A colossal proposed development in Hanover County could lead to the county school division building at least one new school.
School Board members were briefed Tuesday night on the educational impact of a planned 323-acre development that’s expected to cost more than $750 million and take up to 20 years to complete. The development, called The Lake District at Glen Allen, would lead to an estimated influx of 1,512 students — a more than 8 percent increase to the school district’s current enrollment.
Half of the estimated impact would be felt at the elementary level, where the addition of 756 students to an Ashland elementary school sparked concern from School Board members that the school system would need to build a new elementary school.
“At a minimum it appears that additional elementary capacity would be required to address the impact of this development,” said Terry Stone, the division’s assistant superintendent of business and operations, in her presentation to the board.
The project, by Boyd Homes of Virginia Beach, would require rezoning a large swath of land near the Hanover-Henrico county line off U.S. Route 33 and include 2,820 apartments, town houses and single-family homes and 313,140 square feet of office and retail space, according to a description of the proposal given to the School Board.
With the new housing, school district officials are expecting a stream of more than 1,500 students to enter the area’s highest-achieving division. The number of students is calculated through a formula — 0.536 students for every housing unit — based on 2010 census data.
The development, in the county’s South Anna district, is located in the Elmont Elementary, Liberty Middle and Patrick Henry High schools attendance zones. Based on the division’s calculations, Elmont Elementary in Ashland would nearly triple in size — going from its current 411-student enrollment to 1,167 students with half of the students housed in the development being in elementary school.
The school has the capacity to hold 467 students.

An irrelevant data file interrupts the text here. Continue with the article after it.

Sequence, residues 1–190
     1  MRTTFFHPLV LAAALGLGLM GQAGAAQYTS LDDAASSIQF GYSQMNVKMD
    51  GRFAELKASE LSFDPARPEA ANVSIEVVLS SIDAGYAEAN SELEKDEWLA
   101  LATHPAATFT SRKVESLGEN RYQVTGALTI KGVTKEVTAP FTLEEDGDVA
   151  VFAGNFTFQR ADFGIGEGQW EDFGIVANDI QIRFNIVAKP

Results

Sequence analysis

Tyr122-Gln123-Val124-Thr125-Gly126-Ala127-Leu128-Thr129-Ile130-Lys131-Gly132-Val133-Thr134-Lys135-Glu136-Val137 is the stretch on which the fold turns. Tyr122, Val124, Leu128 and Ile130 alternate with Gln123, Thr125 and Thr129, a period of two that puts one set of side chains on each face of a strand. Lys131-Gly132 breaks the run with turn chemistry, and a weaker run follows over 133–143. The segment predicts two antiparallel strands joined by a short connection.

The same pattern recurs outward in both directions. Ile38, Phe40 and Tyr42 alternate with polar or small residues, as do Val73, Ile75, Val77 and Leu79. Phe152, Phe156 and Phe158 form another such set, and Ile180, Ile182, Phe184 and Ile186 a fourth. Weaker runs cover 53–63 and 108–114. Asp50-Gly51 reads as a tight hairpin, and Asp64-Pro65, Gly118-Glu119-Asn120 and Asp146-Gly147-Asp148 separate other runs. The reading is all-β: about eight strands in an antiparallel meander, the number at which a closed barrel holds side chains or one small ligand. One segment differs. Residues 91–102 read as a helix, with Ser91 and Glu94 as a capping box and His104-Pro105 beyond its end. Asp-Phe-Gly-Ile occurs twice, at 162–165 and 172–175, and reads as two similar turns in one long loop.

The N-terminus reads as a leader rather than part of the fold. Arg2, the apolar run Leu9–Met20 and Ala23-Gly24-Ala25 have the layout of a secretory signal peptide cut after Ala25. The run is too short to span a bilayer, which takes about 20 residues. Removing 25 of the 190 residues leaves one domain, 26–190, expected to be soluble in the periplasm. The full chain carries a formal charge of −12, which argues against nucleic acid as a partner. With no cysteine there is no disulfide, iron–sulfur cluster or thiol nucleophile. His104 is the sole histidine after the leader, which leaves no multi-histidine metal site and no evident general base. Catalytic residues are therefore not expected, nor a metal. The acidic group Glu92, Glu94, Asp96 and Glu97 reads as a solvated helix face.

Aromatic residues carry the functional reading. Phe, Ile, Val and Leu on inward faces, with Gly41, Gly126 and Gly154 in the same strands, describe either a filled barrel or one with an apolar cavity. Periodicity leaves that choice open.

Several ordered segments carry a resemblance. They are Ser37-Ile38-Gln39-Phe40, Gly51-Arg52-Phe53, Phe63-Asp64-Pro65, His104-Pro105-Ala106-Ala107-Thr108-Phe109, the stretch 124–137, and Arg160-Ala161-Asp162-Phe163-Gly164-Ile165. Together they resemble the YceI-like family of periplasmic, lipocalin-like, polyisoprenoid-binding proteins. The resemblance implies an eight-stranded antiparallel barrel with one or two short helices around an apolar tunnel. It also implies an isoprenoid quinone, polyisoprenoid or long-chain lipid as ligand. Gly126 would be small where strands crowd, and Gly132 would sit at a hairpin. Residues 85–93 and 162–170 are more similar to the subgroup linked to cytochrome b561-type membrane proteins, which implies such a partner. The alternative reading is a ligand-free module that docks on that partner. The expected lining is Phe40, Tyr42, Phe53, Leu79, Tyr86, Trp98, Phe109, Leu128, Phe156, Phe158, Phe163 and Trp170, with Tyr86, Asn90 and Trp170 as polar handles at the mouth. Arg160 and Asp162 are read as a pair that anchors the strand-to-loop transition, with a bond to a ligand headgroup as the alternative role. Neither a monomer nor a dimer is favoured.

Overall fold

Liberty Middle School would reach 131 percent of its capacity in 2027, while Patrick Henry High School would be over capacity in the same time frame but by only 19 students, the division estimated.
While the district is estimating the surge in enrollment over the next 5 to 10 years, plans for the development indicate that the entirety of the community wouldn’t be finished for 15 to 20 years.
“These impacts certainly aren’t going to be felt immediately,” said David P. Maloney, the county’s planning director.
But School Board members still worry that the development could lead to overcrowding, which the district defines as 120 percent of capacity for three straight years.
“Either we do a redistricting or we build a new school,” said School Board member John F. Axselle III of the Beaverdam District.
Because the development is so close to the Henrico line, the board has limited rezoning options, the administration said.
“In terms of proximity to other schools, there are not as many choices,” Stone said.
Stone added that she would report the potential impact to the county planning department.
“This needs to be on our radar and as we look at projections going forward, should this be approved, then we need to start planning for this very significant development,” said Stone.
In order for the development to come to fruition, the 323 acres must be rezoned to a mixed-use designation, which would require approval by the Planning Commission and the Board of Supervisors’ consent. The School Board has no say in if the development is approved.
A public hearing on the development is scheduled during the Hanover County Planning Commission meeting at 6:30 p.m. Thursday night in the board room of the Hanover County Administration Building, 7516 County Complex Road.